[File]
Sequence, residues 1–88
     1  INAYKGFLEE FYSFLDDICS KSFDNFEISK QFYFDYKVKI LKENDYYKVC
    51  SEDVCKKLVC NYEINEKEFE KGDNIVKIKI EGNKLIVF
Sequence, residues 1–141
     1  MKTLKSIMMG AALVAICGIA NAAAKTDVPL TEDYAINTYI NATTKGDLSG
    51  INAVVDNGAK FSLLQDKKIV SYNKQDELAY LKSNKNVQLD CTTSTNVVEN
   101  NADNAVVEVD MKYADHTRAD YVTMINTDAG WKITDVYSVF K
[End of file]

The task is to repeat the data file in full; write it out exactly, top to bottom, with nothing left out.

Sequence, residues 1–88
     1  INAYKGFLEE FYSFLDDICS KSFDNFEISK QFYFDYKVKI LKENDYYKVC
    51  SEDVCKKLVC NYEINEKEFE KGDNIVKIKI EGNKLIVF
Sequence, residues 1–141
     1  MKTLKSIMMG AALVAICGIA NAAAKTDVPL TEDYAINTYI NATTKGDLSG
    51  INAVVDNGAK FSLLQDKKIV SYNKQDELAY LKSNKNVQLD CTTSTNVVEN
   101  NADNAVVEVD MKYADHTRAD YVTMINTDAG WKITDVYSVF K